And the businesses, it seems, are manic for Midtown. As for the block parties, those can be traced to the Midtown Business Association (MBA), a close-knit group of roughly 30 neighborhood shops and restaurants that wanted a way to help promote their cozy area and each other. The group started at the end of 2019 and proved an essential and needed community for participating businesses as they weathered through the 2020 Covid-19 storm. 

“As a business owner you could feel lost trying to navigate in this new world,” remembers Sonia McMoran. Since 2015 she has owned and operated the interior design shop, Home/Work, located in the historic Cayuga Vault building on the corner of Soquel & Cayuga. 

“So it became a really great support system where we could talk to each other about health and safety protocols and the PPP loan.” 

They have worked closely with Event Santa Cruz, the Economic Development Department and the Santa Cruz Police Department to transform the empty parking lot at 1111 Soquel Avenue into a thriving, fun-filled event. 

A year and a half later, McMoran says it feels like “a new breath of life” has come through the neighborhood. And to her, that neighborhood is Midtown.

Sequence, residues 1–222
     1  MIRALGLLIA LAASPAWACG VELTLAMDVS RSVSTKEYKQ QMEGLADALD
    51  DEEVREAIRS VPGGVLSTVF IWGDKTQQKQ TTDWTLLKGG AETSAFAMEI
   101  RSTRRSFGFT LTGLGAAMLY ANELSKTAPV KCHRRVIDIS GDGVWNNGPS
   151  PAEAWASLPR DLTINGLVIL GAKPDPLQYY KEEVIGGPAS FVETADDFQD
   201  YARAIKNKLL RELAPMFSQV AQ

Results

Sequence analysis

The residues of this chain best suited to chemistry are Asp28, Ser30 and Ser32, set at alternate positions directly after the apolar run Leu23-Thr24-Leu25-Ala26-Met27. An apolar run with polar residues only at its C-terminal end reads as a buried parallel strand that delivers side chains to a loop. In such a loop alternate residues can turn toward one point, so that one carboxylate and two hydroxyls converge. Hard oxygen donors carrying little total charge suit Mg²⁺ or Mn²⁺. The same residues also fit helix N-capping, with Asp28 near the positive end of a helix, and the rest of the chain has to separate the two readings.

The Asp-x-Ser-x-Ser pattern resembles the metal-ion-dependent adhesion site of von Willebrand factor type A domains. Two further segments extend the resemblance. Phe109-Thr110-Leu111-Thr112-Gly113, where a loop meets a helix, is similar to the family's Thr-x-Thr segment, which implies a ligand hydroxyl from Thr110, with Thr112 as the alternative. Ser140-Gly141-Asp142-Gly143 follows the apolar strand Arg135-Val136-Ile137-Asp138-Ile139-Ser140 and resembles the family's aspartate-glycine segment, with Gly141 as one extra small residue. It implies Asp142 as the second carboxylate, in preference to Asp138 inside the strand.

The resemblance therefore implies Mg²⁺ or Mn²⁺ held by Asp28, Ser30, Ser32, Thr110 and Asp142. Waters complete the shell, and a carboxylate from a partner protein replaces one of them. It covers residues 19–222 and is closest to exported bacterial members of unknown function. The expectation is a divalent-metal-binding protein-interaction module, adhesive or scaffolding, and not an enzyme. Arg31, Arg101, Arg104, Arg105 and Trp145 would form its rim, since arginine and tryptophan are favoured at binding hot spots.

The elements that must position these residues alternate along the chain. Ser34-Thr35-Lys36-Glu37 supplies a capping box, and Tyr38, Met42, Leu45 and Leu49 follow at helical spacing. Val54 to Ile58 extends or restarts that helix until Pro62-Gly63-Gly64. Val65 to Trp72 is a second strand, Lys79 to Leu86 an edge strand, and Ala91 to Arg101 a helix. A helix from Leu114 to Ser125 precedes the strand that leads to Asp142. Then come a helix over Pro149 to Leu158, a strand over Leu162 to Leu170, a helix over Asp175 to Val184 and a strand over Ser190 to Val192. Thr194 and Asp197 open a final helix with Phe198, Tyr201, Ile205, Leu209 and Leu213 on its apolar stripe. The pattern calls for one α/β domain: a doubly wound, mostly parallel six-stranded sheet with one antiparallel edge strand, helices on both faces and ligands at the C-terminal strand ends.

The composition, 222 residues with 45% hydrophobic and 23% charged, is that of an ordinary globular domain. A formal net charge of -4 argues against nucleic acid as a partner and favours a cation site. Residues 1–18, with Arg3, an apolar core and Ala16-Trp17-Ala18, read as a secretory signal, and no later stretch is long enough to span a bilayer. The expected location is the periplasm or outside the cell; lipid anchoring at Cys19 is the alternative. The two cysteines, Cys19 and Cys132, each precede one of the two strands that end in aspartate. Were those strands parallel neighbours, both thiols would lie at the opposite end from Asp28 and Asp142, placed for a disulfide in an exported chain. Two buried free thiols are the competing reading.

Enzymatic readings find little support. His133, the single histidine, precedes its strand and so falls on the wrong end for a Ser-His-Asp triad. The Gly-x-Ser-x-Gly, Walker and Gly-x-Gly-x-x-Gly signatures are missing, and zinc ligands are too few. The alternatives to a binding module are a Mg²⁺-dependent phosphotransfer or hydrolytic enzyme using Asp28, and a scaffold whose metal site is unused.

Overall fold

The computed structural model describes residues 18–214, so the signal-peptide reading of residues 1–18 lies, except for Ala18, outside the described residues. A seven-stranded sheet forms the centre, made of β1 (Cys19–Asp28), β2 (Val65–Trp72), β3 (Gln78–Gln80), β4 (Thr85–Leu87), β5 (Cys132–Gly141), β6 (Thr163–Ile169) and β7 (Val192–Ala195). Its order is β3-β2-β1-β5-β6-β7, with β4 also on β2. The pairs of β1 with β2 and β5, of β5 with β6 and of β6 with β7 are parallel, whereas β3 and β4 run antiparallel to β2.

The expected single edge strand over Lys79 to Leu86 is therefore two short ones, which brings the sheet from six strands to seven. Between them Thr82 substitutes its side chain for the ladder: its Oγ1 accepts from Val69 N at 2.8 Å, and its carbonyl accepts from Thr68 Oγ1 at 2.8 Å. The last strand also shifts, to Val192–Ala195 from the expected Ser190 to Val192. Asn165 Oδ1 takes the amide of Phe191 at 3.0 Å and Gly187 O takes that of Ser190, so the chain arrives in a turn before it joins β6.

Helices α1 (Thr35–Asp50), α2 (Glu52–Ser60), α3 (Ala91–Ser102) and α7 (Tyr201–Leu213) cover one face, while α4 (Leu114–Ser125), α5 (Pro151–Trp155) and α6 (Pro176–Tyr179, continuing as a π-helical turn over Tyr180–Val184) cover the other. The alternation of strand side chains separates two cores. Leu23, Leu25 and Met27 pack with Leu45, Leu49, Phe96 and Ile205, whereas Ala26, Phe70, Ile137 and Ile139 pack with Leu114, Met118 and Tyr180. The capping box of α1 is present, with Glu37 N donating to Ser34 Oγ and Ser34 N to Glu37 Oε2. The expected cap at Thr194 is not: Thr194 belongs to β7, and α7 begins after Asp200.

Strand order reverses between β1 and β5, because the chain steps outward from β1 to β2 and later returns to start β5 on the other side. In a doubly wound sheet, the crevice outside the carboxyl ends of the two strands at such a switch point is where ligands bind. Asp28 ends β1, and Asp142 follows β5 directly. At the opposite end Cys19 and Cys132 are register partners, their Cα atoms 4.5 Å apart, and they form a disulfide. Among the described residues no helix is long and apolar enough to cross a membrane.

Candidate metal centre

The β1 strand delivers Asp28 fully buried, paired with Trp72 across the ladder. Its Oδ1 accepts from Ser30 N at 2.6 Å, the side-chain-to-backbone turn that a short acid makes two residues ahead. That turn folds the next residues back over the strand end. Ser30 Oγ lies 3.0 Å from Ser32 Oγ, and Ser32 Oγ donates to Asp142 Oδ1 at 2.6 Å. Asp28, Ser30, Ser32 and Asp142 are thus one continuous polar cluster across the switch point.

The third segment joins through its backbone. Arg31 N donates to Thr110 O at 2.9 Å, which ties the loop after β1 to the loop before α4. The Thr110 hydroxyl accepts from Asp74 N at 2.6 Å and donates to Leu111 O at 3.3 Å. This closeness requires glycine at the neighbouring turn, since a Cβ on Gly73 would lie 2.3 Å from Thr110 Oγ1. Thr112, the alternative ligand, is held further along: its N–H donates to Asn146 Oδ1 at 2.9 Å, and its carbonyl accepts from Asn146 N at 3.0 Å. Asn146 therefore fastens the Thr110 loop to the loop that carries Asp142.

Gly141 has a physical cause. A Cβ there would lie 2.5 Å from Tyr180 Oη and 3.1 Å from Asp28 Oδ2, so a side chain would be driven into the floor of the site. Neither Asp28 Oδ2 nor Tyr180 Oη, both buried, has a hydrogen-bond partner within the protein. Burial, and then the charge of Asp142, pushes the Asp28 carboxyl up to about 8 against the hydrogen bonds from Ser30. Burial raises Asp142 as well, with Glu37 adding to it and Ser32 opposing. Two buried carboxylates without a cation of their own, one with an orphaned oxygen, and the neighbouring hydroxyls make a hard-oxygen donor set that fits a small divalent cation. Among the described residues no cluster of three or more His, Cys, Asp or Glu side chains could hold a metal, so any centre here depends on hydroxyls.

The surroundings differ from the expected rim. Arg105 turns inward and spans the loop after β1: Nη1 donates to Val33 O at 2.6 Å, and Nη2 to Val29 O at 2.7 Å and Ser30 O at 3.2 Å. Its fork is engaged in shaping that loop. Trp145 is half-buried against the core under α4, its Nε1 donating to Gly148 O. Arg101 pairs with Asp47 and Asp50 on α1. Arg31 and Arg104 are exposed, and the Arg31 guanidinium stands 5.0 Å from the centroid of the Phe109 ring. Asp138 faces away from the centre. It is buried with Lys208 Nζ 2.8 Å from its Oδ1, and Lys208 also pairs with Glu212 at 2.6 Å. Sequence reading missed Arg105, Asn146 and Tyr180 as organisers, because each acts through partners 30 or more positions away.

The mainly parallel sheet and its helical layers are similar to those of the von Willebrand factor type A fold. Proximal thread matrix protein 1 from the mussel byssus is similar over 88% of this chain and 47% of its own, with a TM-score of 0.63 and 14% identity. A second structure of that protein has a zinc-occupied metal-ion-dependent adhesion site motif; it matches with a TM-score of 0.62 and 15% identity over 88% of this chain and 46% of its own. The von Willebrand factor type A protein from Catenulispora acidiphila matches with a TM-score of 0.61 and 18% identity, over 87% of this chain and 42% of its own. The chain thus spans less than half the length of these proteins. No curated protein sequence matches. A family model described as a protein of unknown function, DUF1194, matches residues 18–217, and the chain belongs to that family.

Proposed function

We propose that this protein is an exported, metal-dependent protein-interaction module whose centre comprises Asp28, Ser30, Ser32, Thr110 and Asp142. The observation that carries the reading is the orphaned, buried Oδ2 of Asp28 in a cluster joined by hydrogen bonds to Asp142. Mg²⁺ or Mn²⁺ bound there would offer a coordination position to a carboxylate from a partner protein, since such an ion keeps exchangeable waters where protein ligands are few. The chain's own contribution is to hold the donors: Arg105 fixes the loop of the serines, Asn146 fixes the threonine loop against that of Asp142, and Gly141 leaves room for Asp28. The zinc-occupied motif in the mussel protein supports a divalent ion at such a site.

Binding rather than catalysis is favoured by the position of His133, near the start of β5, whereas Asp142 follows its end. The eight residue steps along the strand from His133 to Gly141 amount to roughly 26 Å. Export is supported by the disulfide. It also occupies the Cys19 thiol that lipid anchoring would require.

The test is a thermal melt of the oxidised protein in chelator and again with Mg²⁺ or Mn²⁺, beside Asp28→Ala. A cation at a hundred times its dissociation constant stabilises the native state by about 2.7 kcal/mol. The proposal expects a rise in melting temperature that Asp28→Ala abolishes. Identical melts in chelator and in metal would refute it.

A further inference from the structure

“To me, it’s confusing for tourists to understand ‘Seabright Neighborhood’ entails everything that’s happening on Soquel all the way down to the beach,” says the MBA member. “So a lot of us felt that this little section here, that’s walkable, let’s call it ‘Midtown.’” 

Summer Duppen, owner and proprietor of Tomboy Clothing on Soquel, agrees. 

“In the early ‘80s it was always Midtown” remembers Duppen, who has lived in the neighborhood since birth. “And it’s always been the heart of Santa Cruz.” 


So what do you think? Is it Midtown, Seabright or the Eastside? Put your comments below.



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  1. I grew up in Santa Cruz and lived there for 67 years, having just moved to Mendocino. When I was growing up in the 50’s and 60’s, it was always called the “Eastside”. The bar on Soquel, now called 1007 was ” The Eastside”. Seabright was a community down at the end of Seabright below Murray St.. Somehow the entire Eastside of town began to be called “Seabright”. Seabright Beach was called “Castle Beach” by us kids, after the castle like structure that stood there for many years.

  2. I was raised in SC since 1976 and the Seabright neighborhood (from Soquel to the beach, yes, Castles) has always been referred to as Midtown. We’d meet in the old parking area at Days Market to find out where the parties were on the weekends. Had to show up in person since cellphones didn’t exist, lol. We’d pile into the back of our friend’s trucks and head out on the town. Fun times 😃